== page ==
Quoting LTBEWR (Reply 7):
The USA is never going to be energy independent.

Perhaps, perhaps not. But you essentially stated what I did - that Huckabee is just trying to rally the Republican base.


User currently offlineBaroque From Australia, joined Apr 2006, 15380 posts, RR: 59
Reply 10, posted (6 years 9 months 1 week 4 days 10 hours ago) and read 1791 times:



Quoting LTBEWR (Reply 7):
All but a few Americans will not make the massive lifestyle and political changes, including driving by as much as 50%, and only driving cars that get 30+MPG city driving, fuel taxes that raise the price of gas to $5.00+/gallon, accept millions of power windmills, millions of acres of solar panels and/or make 80% or more of our electricity from nuke sources.

It was only possible to post if it came from a US flag member, so thanks LTBEWR.

Quoting Flynavy (Reply 9):
I personally am not an expert. But if this is in fact the case it's all the more reason for us not to import their oil (i.e. a de-facto sanction on them). Perhaps India and China would fill in the gap, yes, but at least we'd be leading by example in terms of not supporting states who sponsor - albeit directly or indirectly - global terrorism.

That would be a start, but they could use Indian or Chinese sourced currency to exactly the same effects. Maybe a bit of virtue, but not a lot of effect. So go the arms salesmen selling stuff to Saudi Arabia. The Saudis armed to the teeth with US, UK and French weaponry are far less dangerous than the products of the KSA sponsored madrassas! A bit "Irish" but true.


User currently offlineAaron747 From Japan, joined Aug 2003, 8135 posts, RR: 26
Reply 11, posted (6 years 9 months 1 week 4 days 10 hours ago) and read 1780 times:



Quoting Flynavy (Reply 4):
Do I think "Energy Independence" is solely an American issue? No. It's a problem the entire world must solve together.

It certainly must be addressed by everyone. The US though, particularly with the level of consumption encouraged by a largely suburban and auto-dependent lifestyle in the post WWII period, is in the best position to set standards and chart a new course toward energy solutions that will benefit the marketplace and eliminate the need for archaic resources that create undue political risk and strife.

Quoting Flynavy (Reply 4):
But funding madrassas? I'm not so sure about that.

It's well-known that a lot of Saudi money finds its way to fundamentalist Islam being taught elsewhere.

Quoting Flynavy (Reply 9):
Perhaps India and China would fill in the gap, yes, but at least we'd be leading by example in terms of not supporting states who sponsor - albeit directly or indirectly - global terrorism.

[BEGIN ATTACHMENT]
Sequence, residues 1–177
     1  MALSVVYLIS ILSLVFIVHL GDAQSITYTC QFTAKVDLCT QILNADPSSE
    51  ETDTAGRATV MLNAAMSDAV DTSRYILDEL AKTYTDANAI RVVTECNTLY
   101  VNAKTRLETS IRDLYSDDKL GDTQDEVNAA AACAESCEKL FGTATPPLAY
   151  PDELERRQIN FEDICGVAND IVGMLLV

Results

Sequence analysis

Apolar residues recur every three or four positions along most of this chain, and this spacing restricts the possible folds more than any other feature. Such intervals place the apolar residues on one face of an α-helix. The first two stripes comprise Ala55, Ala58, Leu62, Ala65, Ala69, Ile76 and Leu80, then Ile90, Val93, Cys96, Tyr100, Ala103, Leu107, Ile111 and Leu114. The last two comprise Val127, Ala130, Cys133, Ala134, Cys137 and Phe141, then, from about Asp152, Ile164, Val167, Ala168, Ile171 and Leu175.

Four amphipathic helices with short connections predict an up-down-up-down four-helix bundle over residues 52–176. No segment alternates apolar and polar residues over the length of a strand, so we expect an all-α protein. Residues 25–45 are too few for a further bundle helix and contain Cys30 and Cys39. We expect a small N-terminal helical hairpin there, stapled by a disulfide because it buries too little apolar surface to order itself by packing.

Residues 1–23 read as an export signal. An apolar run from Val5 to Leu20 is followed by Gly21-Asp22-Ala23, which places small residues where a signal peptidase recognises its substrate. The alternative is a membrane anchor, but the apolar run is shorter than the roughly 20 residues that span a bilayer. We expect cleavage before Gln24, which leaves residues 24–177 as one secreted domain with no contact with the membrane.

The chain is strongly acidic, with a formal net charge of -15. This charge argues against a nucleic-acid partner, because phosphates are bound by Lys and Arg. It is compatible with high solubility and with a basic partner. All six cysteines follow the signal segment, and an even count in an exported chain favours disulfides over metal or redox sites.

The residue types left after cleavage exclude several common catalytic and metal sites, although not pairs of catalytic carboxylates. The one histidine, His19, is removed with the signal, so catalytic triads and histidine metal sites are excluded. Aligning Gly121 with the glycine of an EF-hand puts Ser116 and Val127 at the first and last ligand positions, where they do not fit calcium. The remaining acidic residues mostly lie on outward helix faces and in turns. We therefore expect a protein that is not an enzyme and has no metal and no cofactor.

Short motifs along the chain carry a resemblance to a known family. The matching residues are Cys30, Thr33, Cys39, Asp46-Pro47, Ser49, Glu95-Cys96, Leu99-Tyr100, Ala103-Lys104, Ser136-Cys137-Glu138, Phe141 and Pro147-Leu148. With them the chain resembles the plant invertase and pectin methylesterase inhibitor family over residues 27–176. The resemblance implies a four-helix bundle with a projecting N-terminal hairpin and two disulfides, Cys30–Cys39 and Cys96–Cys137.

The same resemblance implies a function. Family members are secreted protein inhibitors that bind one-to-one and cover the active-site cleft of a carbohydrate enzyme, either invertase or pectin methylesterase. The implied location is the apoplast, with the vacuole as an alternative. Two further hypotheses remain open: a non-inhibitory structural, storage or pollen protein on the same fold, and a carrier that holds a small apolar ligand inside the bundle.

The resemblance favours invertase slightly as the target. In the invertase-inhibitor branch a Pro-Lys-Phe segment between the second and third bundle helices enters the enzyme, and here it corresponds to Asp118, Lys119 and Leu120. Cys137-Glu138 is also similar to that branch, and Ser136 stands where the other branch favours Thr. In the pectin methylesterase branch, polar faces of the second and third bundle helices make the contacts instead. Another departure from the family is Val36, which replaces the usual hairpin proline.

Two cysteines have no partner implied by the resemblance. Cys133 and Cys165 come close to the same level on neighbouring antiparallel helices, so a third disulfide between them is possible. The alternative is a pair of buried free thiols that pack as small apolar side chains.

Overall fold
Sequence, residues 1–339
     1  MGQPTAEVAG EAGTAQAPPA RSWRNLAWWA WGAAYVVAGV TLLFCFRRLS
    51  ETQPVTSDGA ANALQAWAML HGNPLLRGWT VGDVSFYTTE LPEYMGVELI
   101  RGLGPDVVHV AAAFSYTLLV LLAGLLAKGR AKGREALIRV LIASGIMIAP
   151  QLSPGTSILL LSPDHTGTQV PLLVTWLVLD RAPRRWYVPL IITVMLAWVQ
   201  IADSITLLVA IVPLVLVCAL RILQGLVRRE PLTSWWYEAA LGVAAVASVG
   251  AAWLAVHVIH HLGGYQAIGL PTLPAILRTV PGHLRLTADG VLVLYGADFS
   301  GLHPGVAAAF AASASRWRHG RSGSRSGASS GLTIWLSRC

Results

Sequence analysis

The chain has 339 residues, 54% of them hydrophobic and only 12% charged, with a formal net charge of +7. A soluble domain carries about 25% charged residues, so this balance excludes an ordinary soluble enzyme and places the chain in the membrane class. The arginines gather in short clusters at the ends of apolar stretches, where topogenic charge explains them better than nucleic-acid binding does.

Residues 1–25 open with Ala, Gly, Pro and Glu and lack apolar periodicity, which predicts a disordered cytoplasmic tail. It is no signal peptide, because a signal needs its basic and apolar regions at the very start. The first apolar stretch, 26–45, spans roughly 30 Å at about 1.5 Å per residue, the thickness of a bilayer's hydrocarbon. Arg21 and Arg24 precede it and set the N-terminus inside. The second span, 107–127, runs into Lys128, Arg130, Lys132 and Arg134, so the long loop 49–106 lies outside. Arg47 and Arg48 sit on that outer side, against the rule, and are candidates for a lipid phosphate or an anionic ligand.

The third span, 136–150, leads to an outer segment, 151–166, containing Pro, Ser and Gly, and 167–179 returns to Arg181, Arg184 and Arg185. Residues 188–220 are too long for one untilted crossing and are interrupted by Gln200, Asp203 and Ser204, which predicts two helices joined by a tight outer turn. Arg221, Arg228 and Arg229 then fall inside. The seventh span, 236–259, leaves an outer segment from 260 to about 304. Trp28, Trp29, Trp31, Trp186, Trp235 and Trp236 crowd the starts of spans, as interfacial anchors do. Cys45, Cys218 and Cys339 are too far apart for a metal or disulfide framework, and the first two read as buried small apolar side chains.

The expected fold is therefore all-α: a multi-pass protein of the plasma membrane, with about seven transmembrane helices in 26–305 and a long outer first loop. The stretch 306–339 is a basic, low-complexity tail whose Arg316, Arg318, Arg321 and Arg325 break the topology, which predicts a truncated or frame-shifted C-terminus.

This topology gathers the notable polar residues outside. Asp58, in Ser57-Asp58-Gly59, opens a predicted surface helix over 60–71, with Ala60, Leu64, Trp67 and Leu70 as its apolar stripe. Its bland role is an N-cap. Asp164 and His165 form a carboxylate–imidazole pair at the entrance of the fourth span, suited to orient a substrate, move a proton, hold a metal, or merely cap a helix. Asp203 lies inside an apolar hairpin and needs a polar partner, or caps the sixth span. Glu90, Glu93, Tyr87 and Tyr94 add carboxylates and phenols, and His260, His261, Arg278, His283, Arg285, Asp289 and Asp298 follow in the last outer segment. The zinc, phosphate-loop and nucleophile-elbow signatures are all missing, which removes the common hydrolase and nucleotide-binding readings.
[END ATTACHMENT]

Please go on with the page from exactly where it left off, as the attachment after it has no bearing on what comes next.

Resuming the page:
That's more of the point than anything.

Quoting LTBEWR (Reply 7):
All but a few Americans will not make the massive lifestyle and political changes, including driving by as much as 50%, and only driving cars that get 30+MPG city driving, fuel taxes that raise the price of gas to $5.00+/gallon, accept millions of power windmills, millions of acres of solar panels and/or make 80% or more of our electricity from nuke sources.

They said it wasn't possible to go to the moon either. We may well see the day where even the spineless politicos in Washington come to realize that the above and a better commitment to education are the only things that will enable us to retain our position at the top of the economic and political spheres.



If you need someone to blame / throw a rock in the air / you'll hit someone guilty
User currently offlineBaroque From Australia, joined Apr 2006, 15380 posts, RR: 59
Reply 12, posted (6 years 9 months 1 week 4 days 10 hours ago) and read 1769 times:



Quoting Aaron747 (Reply 11):
Quoting LTBEWR (Reply 7):
All but a few Americans will not make the massive lifestyle and political changes, including driving by as much as 50%, and only driving cars that get 30+MPG city driving, fuel taxes that raise the price of gas to $5.00+/gallon, accept millions of power windmills, millions of acres of solar panels and/or make 80% or more of our electricity from nuke sources.

They said it wasn't possible to go to the moon either. We may well see the day where even the spineless politicos in Washington come to realize that the above and a better commitment to education are the only things that will enable us to retain our position at the top of the economic and political spheres.

Come back Jimmy Carter, some of us forgive you, come to that some of us never blamed you in the first place, no matter, at last the 1978 show would be good in energy terms.


User currently offlineScbriml From United Kingdom, joined Jul 2003, 12508 posts, RR: 46
Reply 13, posted (6 years 9 months 1 week 4 days 9 hours ago) and read 1759 times: